After being announced back in June at Google I/O, Android Pay is finally rolling out to devices. Yes, Android users can finally pay for things with their phones. Of course, they’ve been able to do that for the last four years with Google Wallet, but Android Pay is a different product that is certainly better in some ways, but also much more restrictive.
When Android Pay reaches your device, it will actually install on top of the old Google Wallet app. This also comes with a new version of Google Play Services, which is installed automatically in the background. Android Pay is designed to handle credit and debit cards, loyalty programs, and gift cards. All the person-to-person money transfers using your Wallet balance are now handled by a separate (new) Google Wallet app.
Just like Google Wallet, Android Pay works via near field communication (NFC). Nearly all Android phones have this feature built in, a notable exception being the OnePlus 2. Any retailer with an NFC-enabled payment kiosk will be able to accept Android Pay. These are the same terminals that work with PayPass and Apple Pay. If you see any of those logos, Android Pay will work.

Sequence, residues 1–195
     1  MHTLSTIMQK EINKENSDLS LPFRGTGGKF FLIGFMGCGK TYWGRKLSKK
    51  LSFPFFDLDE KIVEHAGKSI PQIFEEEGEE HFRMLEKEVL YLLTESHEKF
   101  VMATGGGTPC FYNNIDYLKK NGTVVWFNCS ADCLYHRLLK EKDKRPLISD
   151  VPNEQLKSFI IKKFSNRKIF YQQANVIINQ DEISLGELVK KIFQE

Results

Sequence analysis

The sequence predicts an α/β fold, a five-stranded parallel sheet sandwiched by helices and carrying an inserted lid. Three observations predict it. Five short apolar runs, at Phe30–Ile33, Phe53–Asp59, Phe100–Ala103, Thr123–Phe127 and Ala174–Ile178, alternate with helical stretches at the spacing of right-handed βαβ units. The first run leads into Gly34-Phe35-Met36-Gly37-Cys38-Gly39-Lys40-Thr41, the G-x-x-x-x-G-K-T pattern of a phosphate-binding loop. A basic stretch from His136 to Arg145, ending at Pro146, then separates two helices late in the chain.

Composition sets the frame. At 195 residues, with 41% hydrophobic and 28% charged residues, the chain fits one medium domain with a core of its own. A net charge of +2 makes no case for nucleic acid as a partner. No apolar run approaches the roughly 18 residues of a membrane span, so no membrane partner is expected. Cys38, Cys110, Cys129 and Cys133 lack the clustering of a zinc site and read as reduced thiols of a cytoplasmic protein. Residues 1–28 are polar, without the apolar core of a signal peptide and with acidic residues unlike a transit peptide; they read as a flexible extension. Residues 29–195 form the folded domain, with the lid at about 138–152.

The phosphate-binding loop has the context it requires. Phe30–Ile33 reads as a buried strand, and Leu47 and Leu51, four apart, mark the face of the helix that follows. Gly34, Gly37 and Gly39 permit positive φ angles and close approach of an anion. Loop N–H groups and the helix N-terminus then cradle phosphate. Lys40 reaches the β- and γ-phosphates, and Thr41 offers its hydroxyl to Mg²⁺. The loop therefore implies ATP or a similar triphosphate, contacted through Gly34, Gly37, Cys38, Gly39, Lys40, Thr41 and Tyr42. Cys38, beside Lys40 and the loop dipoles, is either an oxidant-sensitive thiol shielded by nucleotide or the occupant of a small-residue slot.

There is a fundamental difference in the way Google Wallet and Android Pay work. In Wallet, you could add any card and Google would generate a universal virtual MasterCard that was used to process payments at the terminal. Android Pay uses your actual card number, but that means your bank or card issuer needs to support Android Pay specifically. If it doesn’t, you’re pretty much out of luck.
So why make Android Pay harder to use than Wallet? Because transactions in Google Wallet simply showed up as generic Google purchases, meaning card issuers didn’t know how to calculate rewards and cash back. By running transactions through the real card number and sending the metadata along with it, you get your rewards points and can better track purchases. The virtual card trick upset banks, so getting cozy with the card companies was really Google’s only option.
Android Pay is also a more secure payment option than Google Wallet, You will need to have a PIN, pattern, or password lock on your phone to activate Android Pay. Fingerprints will also be supported on Android 6.0 devices when they are available. Additionally, you can’t use a modified or rooted device with Android Pay. There are some workarounds for root, but a modified ROM might never function correctly.
As with many of Google’s products, this is a staged rollout. The app will be showing up in the Play Store for users over the coming days. Because only a few banks have support for Android Pay out of the gate, Google is allowing users to import the existing virtual cards from Wallet into Android Pay for a limited time. It didn’t say how long this offer will last, though, so Wallet users shouldn’t put off updating.
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